National Center for
1SGT: REFINED CRYSTAL STRUCTURE OF STREPTOMYCES GRISEUS TRYPSIN AT 1.7 ANGSTROMS RESOLUTION
J. Mol. Biol. (1988) 200 p.523-551» All references (2)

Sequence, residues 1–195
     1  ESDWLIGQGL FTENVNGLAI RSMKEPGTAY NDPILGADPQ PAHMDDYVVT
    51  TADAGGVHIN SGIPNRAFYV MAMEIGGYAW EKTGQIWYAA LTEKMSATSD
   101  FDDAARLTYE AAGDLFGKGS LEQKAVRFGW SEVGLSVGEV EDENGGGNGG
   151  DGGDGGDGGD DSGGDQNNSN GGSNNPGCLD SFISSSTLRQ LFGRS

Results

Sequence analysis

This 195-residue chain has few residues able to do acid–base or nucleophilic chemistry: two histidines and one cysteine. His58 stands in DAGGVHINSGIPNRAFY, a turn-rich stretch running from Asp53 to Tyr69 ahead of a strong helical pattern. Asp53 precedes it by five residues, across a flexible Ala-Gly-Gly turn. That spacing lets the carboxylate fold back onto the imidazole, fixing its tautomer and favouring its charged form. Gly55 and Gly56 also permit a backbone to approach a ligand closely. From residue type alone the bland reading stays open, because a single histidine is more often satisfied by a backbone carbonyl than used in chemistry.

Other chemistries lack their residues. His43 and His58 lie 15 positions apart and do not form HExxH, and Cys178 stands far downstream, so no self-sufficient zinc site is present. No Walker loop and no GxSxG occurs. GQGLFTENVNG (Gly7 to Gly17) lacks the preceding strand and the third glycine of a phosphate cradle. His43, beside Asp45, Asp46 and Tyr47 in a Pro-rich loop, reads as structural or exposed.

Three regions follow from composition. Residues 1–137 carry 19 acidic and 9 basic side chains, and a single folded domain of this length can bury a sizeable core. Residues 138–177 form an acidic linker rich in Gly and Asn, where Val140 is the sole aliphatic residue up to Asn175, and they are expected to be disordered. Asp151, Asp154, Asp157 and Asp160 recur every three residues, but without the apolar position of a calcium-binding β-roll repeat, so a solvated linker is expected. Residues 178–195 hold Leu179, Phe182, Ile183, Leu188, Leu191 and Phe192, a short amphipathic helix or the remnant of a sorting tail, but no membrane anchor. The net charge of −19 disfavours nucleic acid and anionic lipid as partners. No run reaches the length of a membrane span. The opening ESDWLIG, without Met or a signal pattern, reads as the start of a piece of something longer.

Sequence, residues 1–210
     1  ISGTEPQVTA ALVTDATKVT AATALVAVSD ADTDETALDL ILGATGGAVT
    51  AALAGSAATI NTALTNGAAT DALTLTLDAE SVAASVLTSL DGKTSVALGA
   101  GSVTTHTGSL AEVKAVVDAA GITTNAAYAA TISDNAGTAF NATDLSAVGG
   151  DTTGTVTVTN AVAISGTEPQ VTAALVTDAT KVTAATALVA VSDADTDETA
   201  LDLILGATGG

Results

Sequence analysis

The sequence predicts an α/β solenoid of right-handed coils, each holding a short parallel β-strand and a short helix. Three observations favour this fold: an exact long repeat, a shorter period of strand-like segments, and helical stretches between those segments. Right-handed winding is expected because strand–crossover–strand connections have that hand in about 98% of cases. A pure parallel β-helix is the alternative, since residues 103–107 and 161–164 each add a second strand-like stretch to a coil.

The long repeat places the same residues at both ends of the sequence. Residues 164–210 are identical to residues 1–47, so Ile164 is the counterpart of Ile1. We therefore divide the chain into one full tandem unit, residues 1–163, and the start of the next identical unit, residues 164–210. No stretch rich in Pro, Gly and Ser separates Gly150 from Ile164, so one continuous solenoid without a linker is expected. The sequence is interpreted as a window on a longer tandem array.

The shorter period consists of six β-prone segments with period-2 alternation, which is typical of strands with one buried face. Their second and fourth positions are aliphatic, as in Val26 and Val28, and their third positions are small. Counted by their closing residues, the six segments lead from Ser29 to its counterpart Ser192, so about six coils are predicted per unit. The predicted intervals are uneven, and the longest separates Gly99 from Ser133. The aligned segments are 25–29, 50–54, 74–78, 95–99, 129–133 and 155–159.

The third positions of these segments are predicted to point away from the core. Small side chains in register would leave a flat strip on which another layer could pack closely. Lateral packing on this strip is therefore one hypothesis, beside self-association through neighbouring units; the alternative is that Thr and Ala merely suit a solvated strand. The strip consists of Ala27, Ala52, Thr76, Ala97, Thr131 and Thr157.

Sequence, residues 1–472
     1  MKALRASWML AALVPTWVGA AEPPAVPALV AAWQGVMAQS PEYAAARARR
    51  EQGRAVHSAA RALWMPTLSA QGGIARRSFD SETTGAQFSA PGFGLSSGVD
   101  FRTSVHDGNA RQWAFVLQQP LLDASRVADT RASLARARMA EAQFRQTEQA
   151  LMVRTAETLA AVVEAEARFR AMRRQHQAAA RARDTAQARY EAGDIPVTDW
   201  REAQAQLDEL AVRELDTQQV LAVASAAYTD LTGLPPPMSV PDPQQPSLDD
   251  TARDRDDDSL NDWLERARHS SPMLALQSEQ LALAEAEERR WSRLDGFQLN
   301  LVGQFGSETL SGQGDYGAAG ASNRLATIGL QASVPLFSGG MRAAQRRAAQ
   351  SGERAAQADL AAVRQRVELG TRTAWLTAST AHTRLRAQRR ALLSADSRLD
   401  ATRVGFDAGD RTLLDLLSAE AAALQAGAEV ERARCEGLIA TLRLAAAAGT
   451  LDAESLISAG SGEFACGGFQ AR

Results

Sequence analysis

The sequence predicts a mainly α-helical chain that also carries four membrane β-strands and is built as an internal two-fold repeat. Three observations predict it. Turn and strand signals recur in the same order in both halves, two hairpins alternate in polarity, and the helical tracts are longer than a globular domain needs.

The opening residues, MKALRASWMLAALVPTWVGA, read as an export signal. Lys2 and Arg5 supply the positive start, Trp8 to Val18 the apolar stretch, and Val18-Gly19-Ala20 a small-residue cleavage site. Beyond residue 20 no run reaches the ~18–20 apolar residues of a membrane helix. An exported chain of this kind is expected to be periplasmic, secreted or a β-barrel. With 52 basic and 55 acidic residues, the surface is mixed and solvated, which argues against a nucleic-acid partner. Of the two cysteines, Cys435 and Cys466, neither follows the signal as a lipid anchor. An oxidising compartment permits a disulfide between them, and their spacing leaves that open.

Streptomyces griseus trypsin (SGT) is a bacterial serine proteinase that is more homologous to mammalian than to other bacterial enzymes. The structure of SGT has been solved primarily by molecular replacement, though some low-resolution phase information was supplied by heavy-atom derivatives. The mammalian pancreatic serine proteinases bovine trypsin (BT) and alpha-chymotrypsin (CHT) were used as molecular replacement models. Because these proteins have low homology with SGT compared to the majority of other successful replacement models, new strategies were required for molecular replacement to succeed. The model of SGT has been refined at 1.7 A resolution to a final R-factor of 0.161 (1 A = 0.1 nm); the correlation coefficient between all observed and calculated structure factor amplitudes is 0.908. Solvent molecules located in the crystal structure play an important role in stabilizing buried charged and polar groups. An additional contribution to stability can be seen in the fact that the majority of the charged side-chains are involved in ionic interactions, sometimes linking the two domains of SGT. A comparison of SGT with BT shows that the greatest similarities are in the active-site and substrate-binding regions, consistent with their similar substrate specificities. The modeling of complexes of SGT with two inhibitors of BT, pancreatic trypsin inhibitor (PTI) and the third domain of Japanese quail ovomucoid (OMJPQ3), helps to explain why PTI inhibits SGT but OMJPQ3 does not. Like BT, but unlike other bacterial serine proteinases of known structure, SGT has a buried N terminus. SGT has also a well-defined Ca2+-binding site, but this site differs in location from that of BT.